Proteome sequencing and analysis of Ophiocordyceps sinensis at different culture periods
BMC Genomics volume 21, Article number: 886 (2020)
Ophiocordyceps sinensis is an important traditional Chinese medicine for its comprehensive active ingredients, such as cordycepin, cordycepic acid, and Cordyceps polysaccharide. O. sinensis zjut, a special strain isolated from O. sinensis, has similar pharmacological functions to wild O. sinensis. Currently, O. sinensis with artificial cultivation has been widely studied, but systematic fundamental research at protein levels has not been determined.
Proteomes of O. sinensis zjut at different culture periods (growth period, 3rd day; pre-stable period, 6th day; and stable period, 9th day) were relatively quantified by relative isotope markers and absolute quantitative technology. In total, 4005 proteins were obtained and further annotated with Gene Ontology, Kyoto Encyclopedia of Genes and Genomes database. Based on the result of the annotations, metabolic pathways of active ingredients, amino acids and fatty acid were constructed, and the related enzymes were exhibited. Subsequently, comparative proteomics of O. sinensis zjut identified the differentially expressed proteins (DEPs) by growth in different culture periods, to find the important proteins involved in metabolic pathways of active ingredients. 605 DEPs between 6d-VS-3d, 1188 DEPs between 9d-VS-3d, and 428 DEPs between 9d-VS-6d were obtained, respectively.
This work provided scientific basis to study protein profile and comparison of protein expression levels of O. sinensis zjut, and it will be helpful for metabolic engineering works to active ingredients for exploration, application and improvement of this fungus.
Ophiocordyceps sinensis is an important traditional Chinese medicine and healthy food in China [1,2,3]. Previous studies have revealed that active ingredients of O. sinensis, including D-mannitol, cordycepin, purine nucleotides and polysaccharide, have various pharmacological functions, such as adaptogenic activity, immunomodulatory effects, antioxidant activity and anti-cancer [4, 5]. However, due to high demand and insufficient supply for wild O. sinensis, the medicinal value development has been seriously limited [6, 7]. Recently, several strains that isolated from wild O. sinensis have similar pharmacological functions to wild O. sinensis , representing an useful alternative for production. Moreover, new potential drugs and active compounds derived from natural sources have been screened as effective disease treatment from Hirsutella sinensis, which is the potential anamorph of O. sinensis. The antitumor activity of H. sinensis mycelium was found as seen in studies on human tissue, including prostate (PC3), breast (MCF7), hepatocellular (HepG2, Hep3B) and colorectal (HT-29) [9, 10]. Previous studies have revealed the active ingredients of artificially-cultivated O. sinensis had extensive medicinal value for human health, such as anti-fatigue activity , immunomodulatory activity , antioxidant activity  and anti-obesity effects . Furthermore, the productions of active ingredients in H. sinensis by submerged fermentation were promoted and satisfying on the basis of genetic study [15,16,17].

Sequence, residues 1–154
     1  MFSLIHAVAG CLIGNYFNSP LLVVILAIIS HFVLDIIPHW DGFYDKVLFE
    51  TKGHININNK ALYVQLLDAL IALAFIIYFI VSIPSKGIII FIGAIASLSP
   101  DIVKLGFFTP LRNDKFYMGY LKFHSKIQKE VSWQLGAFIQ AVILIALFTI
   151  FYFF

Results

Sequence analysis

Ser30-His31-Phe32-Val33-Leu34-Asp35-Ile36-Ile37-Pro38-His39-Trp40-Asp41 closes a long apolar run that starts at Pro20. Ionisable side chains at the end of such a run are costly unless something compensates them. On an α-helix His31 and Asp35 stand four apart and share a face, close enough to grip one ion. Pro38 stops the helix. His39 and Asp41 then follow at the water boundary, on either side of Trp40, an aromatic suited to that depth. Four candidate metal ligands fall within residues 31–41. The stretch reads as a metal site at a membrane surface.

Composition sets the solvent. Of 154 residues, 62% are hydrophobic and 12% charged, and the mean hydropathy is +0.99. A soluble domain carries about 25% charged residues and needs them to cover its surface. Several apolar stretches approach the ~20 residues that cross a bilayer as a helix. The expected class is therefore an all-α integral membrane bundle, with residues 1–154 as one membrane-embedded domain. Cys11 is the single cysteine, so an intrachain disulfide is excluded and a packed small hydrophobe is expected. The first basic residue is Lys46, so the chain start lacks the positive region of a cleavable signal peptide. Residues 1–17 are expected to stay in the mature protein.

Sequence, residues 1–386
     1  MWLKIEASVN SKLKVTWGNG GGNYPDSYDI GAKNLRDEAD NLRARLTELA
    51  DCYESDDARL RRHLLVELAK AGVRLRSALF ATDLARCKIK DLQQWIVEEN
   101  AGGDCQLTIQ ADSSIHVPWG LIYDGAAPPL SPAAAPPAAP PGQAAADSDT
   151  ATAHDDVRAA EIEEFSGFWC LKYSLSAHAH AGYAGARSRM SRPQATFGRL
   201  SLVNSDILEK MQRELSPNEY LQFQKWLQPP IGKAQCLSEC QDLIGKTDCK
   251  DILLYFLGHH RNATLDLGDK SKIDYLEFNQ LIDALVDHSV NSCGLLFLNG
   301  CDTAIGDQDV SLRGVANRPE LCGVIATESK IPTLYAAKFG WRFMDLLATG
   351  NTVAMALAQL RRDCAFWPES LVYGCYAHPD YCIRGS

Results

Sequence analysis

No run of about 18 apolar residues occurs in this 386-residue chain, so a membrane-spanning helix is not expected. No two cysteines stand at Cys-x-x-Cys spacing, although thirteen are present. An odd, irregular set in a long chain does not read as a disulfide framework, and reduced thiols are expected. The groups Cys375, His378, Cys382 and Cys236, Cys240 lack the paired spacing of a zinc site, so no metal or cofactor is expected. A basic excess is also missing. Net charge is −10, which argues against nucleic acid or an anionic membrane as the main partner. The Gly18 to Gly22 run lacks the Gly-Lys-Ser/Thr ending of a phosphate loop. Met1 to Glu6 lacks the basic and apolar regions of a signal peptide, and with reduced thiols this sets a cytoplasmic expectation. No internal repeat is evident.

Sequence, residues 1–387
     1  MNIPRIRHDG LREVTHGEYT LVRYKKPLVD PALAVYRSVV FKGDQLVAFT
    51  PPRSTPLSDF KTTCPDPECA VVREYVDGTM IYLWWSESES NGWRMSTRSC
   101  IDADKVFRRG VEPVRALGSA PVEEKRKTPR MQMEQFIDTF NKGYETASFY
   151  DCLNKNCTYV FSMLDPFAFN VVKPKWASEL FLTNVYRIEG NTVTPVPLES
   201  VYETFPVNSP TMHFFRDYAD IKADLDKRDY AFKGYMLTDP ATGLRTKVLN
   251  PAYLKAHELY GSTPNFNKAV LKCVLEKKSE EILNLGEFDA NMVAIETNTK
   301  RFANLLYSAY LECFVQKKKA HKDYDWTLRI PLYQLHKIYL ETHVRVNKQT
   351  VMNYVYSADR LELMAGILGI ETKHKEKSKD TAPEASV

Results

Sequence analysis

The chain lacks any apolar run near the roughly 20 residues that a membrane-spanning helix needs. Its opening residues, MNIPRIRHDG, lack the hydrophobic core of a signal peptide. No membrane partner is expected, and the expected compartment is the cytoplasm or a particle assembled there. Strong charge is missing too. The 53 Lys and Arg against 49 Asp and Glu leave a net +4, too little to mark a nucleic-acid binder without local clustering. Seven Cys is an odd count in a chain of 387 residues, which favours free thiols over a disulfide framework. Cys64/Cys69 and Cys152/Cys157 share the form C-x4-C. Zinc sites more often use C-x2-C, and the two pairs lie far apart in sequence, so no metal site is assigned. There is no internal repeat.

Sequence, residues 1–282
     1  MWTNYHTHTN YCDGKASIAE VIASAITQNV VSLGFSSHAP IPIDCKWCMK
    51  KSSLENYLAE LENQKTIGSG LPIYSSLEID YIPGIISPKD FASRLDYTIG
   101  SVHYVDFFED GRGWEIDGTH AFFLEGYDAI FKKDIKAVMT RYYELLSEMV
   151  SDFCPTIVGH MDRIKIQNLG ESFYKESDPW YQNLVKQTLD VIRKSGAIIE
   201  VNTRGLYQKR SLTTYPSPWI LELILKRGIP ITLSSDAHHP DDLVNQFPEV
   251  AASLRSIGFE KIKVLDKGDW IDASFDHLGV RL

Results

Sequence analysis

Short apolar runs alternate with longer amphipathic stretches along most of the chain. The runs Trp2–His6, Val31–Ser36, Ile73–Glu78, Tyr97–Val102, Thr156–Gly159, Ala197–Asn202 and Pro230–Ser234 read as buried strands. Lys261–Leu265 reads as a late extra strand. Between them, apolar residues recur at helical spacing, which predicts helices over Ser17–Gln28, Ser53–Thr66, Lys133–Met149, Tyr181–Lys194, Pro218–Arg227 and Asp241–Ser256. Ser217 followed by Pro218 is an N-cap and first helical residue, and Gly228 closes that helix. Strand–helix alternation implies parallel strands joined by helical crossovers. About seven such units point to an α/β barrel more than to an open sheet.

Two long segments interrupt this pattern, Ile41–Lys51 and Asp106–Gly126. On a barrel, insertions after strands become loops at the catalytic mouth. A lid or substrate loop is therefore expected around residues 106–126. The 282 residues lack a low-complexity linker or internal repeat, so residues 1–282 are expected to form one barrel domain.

Proteomics is the large-scale study of proteins, and it can be divided into the areas of large-scale identification of proteins and their post-translational modifications, comparison of protein expression levels, and protein-protein interactions . In previous studies, biochemical methods have been widely used to study proteome, including polyacrylamide gel electrophoresis (PAGE), two-dimensional electrophoresis (2-DE) liquid chromatography, surface-enhanced laser desorption ionization-time of flight-mass spectrometry (SELDI-TOF-MS), and matrix-assisted laser desorption ionization-time of flight-mass spectrometry (MALDI-TOF-MS) [19, 20]. Recently, with the ability to carry out relative (or absolute) quantification in up to eight phenotypes, isobaric tags for relative and absolute quantification (iTRAQ) have caught the attention of proteomics community [21, 22]. iTRAQ-based proteomics has been used in studying secretome, plasma membrane proteome, and intracellular proteome [22,23,24].